An Easy Guidance – How To Obtain a UK Sponsor Licence
In today’s competitive business environment, hiring enough skilled workers is one of many challenges that business owners face. Even the best attempts to staff critical roles can run into problems when there are simply not the right skilled workers living in the UK. While the solution is often hiring non-EEA workers, it is essential to comply with immigration regulations or risk harsh penalties.
Industries such as technology, finance, food manufacturing and many more need the ability to hire workers from non-EEA countries. To do this, they must have a UK Sponsor Licence.
Getting and retaining a UK Sponsor Licence requires committing to a rigorous compliance regime. Your HR processes and procedures will need to be able to cope with the demands made by the Home Office; demands that may cost you your licence and business reputation if not met.
Who Benefits from having a Sponsor Licence?
Many industries benefit from the talent they can recruit by having a UK Sponsor Licence. These include:
- Dental surgeries
- IT firms
- Financial services companies
- Tech firms
- Design studios
- Private schools and Higher Education Institutes
The eligibility criteria for a UK Sponsor Licence
The eligibility and suitability criteria for obtaining a UK Sponsor Licence are contained in the Sponsor Guidance for Tiers 2 and 5 (SG), and in the supplementary guidance on the UK Visas and Immigration pages of the GOV.UK website.
To be considered a suitable applicant, the prospective sponsor must demonstrate to immigration officials that:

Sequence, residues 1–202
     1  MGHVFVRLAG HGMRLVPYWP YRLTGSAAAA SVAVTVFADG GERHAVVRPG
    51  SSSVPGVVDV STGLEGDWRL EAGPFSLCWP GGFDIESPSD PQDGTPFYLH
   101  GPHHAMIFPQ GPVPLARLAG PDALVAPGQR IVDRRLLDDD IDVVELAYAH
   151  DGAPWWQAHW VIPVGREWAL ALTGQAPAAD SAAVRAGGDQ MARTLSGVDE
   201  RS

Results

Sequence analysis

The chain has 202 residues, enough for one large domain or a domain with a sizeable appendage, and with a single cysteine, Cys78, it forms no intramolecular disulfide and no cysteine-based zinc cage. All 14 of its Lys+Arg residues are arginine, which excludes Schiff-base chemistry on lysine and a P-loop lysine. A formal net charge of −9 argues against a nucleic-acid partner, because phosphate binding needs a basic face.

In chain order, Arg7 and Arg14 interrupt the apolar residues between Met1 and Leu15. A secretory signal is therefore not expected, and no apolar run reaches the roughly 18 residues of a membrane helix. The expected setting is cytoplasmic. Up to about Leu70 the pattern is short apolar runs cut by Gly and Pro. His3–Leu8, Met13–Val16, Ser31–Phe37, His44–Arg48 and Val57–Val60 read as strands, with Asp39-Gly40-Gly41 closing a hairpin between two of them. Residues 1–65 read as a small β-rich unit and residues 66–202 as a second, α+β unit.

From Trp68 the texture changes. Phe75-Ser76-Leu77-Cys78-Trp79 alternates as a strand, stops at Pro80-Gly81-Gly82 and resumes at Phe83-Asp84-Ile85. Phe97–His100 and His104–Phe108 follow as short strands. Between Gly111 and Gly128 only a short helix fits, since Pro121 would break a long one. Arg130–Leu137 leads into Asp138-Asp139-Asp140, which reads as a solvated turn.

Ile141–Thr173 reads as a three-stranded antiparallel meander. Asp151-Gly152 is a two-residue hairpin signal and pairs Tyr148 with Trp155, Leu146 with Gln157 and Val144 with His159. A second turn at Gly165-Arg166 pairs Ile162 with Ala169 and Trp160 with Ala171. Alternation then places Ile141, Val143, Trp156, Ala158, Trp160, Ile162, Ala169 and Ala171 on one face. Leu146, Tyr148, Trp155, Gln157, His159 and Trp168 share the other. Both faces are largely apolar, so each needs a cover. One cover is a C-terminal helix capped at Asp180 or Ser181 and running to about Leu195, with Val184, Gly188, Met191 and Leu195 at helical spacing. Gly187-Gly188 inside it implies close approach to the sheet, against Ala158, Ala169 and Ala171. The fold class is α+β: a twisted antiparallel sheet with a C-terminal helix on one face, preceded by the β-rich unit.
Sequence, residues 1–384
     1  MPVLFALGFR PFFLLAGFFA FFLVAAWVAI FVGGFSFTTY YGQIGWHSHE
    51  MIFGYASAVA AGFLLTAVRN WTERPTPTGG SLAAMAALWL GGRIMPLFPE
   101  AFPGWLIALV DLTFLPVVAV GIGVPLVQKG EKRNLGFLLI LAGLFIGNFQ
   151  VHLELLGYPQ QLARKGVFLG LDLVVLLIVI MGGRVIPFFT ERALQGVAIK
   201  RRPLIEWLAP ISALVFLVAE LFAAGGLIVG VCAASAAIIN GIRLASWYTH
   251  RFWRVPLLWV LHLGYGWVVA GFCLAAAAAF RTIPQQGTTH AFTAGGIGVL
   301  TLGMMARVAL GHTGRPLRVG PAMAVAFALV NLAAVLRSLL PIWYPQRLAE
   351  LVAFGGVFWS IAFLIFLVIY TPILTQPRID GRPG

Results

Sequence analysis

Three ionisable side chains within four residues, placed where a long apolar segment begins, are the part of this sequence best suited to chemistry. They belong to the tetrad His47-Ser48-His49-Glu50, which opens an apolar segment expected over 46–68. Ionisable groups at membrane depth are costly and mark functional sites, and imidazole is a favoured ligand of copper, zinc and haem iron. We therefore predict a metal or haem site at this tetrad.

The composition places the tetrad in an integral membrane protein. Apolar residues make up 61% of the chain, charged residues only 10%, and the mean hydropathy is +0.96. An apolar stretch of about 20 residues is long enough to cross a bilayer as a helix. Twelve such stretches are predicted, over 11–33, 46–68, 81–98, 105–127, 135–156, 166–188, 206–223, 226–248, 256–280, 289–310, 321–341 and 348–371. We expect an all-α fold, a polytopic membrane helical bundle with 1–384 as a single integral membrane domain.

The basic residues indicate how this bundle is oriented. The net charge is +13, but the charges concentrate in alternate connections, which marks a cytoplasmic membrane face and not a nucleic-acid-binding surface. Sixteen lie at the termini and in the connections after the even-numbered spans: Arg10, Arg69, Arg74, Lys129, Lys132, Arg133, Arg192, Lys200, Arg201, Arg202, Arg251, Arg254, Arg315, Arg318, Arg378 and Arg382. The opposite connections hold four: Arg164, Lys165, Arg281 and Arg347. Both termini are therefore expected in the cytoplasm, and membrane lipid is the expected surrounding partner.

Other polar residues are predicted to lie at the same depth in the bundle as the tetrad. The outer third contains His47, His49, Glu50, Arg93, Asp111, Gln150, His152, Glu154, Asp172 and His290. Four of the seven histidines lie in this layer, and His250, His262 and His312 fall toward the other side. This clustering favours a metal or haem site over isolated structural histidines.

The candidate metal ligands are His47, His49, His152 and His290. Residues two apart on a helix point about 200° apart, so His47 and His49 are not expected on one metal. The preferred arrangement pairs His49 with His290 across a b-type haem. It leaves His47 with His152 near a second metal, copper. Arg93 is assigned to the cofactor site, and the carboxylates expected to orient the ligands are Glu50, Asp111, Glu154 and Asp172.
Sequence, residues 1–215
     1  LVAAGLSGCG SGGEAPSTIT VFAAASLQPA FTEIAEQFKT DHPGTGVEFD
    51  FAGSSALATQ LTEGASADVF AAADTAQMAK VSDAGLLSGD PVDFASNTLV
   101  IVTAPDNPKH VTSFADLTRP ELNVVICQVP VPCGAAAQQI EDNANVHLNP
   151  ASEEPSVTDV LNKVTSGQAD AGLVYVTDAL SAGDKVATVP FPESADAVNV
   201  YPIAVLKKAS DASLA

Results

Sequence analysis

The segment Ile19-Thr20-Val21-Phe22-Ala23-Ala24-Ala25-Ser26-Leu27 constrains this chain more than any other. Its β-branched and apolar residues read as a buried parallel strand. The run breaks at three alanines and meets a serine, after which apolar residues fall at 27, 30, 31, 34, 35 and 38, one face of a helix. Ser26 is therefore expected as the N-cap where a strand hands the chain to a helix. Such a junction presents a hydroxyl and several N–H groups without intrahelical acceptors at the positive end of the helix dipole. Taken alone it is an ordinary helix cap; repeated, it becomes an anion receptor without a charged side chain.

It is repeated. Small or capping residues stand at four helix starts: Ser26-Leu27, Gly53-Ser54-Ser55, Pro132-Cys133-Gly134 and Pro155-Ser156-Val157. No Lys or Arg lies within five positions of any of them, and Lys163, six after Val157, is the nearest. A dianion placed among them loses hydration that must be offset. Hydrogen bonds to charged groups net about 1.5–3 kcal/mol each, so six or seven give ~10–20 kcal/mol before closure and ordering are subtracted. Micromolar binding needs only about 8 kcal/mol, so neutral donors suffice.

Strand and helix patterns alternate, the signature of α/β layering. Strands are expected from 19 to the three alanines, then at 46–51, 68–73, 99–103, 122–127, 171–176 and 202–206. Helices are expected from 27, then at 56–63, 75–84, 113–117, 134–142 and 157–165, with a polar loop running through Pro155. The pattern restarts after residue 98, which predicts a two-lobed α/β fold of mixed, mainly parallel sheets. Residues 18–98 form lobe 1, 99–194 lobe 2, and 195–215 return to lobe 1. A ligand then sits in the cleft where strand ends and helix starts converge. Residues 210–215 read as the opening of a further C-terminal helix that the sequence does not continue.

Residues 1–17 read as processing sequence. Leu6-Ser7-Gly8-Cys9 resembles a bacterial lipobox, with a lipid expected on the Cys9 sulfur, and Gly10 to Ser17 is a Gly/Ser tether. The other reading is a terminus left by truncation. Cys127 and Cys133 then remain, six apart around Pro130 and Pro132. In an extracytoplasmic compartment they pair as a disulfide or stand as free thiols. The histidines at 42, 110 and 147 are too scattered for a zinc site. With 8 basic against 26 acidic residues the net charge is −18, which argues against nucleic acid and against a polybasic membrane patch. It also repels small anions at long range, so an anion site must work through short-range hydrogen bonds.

- they are a genuine entity and trading lawfully in the UK
- they are based in the UK
- they have the required planning permission or Local Planning Authority consent for the type of business they run if applicable
- they are ‘honest, dependable and reliable.’
- they present no threat to UK immigration control, and
- they can and will comply with the sponsor duties and responsibilities
The last requirement presents the greatest challenge, especially for smaller organisations who do not have a dedicated HR resource. Help, in the form of an experienced immigration solicitor or consultant, is usually required to assess existing HR systems and implement any changes needed to meet Home Office requirements.
How to Get a Sponsor Licence?
Prepare for your application
Setting your company up to be a Sponsor Licence holder requires considerable preparation. However, considering the long-term implications of failing to follow UKVI requirements, getting this step right can save you thousands of pounds in fines, reputational damage, and even time in jail.
- Choose your key personnel
Sponsor Licence holders must report to UKVI using an online system called SMS (Sponsor Management System). Decide who will have access to the SMS, and their level of access. These must be people of good character whom you expect to remain in the company’s employ. For details on these qualifications, you can read the government guidelines.
- Understand how you must recruit non-EEA workers